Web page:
Last Updated on Wednesday, 10 March 2021 11:38

Electrical generation by U.S. wind and solar set new record

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Electrical generation by U.S. wind and solar set new records in 2020. In fact, it was 16.7% greater in 2020 than a year earlier, according to a SUN DAY Campaign analysis of new data just released by the U.S. Energy Information Administration (EIA). Similarly, annual electrical production by all renewable energy sources combined (i.e., biomass, geothermal, hydropower, solar, wind) reached an all-time high last year and provided more than a fifth of the nation's electrical output.

The latest issue of EIA's "Electric Power Monthly" (with data through December 31, 2020) also reveals that solar-generated electricity - including distributed (e.g., rooftop) solar - expanded by 24.1% (compared to 2019) and provided almost 3.3% of the nation’s total. Wind grew by 14.1% and accounted for 8.3% of total generation. No other energy sources experienced similarly high growth rates.

During the year, electrical generation by geothermal energy and hydropower also increased - by 9.4% and 1.1% respectively, but that from biomass fell by 2.5%. While total U.S. electrical generation from all sources decreased by 2.7% - due at least in part to the Covid-19 pandemic, the electrical output by the combination of renewables increased by over 9.2%. Collectively, renewables provided 20.6% of the country's total electrical output - up from 18.3% a year earlier. In fact, renewables modestly surpassed an EIA forecast, issued just two weeks ago, of 20.0% of U.S. electricity coming from green sources in 2020.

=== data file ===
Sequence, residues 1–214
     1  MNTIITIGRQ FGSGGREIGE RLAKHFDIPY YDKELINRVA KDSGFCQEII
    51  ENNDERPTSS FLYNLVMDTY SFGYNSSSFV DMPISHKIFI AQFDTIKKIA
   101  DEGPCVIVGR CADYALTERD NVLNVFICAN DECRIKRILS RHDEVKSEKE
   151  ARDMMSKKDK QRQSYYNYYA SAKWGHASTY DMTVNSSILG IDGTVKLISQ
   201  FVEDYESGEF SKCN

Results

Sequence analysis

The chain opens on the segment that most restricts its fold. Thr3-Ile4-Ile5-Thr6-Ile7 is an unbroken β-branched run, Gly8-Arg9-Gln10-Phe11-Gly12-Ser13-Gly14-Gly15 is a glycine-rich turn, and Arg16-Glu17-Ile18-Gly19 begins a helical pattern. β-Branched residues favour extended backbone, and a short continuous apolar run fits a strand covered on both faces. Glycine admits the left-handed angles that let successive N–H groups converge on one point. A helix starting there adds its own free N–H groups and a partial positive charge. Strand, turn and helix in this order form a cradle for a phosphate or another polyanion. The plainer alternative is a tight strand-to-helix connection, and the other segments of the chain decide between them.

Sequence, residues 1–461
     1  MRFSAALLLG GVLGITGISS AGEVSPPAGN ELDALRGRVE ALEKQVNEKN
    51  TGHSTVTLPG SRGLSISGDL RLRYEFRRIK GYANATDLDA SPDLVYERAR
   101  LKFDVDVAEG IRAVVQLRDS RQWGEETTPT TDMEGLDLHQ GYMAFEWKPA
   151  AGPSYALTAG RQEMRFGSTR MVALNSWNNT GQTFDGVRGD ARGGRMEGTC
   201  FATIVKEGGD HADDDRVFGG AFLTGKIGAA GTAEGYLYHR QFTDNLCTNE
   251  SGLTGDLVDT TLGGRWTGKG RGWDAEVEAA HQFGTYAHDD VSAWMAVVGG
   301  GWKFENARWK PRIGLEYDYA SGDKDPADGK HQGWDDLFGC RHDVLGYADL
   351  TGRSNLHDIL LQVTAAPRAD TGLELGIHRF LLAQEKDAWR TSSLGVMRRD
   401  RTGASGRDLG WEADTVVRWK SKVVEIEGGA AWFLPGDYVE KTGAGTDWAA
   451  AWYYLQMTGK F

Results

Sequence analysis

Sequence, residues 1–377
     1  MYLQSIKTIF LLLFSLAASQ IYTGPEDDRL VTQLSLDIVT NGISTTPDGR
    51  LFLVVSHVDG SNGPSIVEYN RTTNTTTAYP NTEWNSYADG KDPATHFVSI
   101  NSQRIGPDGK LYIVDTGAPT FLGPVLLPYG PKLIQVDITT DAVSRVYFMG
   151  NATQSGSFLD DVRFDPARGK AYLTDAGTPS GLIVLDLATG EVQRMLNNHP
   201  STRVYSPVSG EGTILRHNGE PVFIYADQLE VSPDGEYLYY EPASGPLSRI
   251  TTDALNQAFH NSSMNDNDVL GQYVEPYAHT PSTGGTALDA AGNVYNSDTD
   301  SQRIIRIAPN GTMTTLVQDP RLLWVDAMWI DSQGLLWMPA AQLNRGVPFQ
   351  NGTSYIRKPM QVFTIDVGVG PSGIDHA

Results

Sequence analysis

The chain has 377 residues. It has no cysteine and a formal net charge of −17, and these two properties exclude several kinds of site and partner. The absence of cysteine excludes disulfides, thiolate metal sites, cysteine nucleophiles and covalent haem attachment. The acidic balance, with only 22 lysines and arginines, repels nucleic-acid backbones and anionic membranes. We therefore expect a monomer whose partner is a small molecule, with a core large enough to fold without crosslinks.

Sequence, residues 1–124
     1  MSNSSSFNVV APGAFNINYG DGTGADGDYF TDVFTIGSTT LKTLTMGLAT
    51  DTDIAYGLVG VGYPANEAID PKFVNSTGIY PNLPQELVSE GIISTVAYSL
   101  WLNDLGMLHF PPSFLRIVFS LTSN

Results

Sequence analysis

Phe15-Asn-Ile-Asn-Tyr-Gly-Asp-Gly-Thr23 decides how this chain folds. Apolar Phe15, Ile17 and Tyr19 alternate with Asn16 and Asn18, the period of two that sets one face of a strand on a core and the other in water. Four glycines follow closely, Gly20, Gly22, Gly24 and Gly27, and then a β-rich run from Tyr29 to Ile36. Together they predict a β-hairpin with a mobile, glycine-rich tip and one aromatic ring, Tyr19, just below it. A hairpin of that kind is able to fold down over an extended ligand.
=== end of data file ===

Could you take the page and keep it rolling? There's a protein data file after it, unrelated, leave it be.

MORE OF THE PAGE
Last Updated on Thursday, 25 February 2021 10:32

New, Cheap Electric Energy Storage System Like Pumped Hydro but Subterranean

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Pumped Hydro Compressed Air Energy Storage (PHCAES) is a new system that can deliver stored energy at two to three cents per kilowatt-hour. This cost, far lower than that of lithium batteries, is similar to Pumped Hydro Energy Storage (PHES), a proven technology. Although it has many similarities to PHES, PHCAES has significant advantages over PHES -- including lower capital costs and significantly less land space required.

Like PHES, PHCAES uses a ground-level water reservoir and a power plant. The difference is in the pressure reservoirs. Whereas PHES uses a high elevation water reservoir to create a water pressure head, PHCAES uses a depleted underground well (gas/oil/water) that contains a reservoir of water along with high-pressure air to create its water pressure head. Both PHES and PHCAES pump/reverse water flow between the surface water reservoir and their respective high- pressure head reservoirs through a power plant to either store or produce electric power. See figure 1.

Capital costs will be lower for PHCAES because this system uses an existing well compared to constructing a sizeable elevated water reservoir for PHES. PHCAES stores energy at a much higher pressure, therefore requiring a five times smaller surface water reservoir than PHES for the same amount of energy stored.

Last Updated on Monday, 11 January 2021 06:39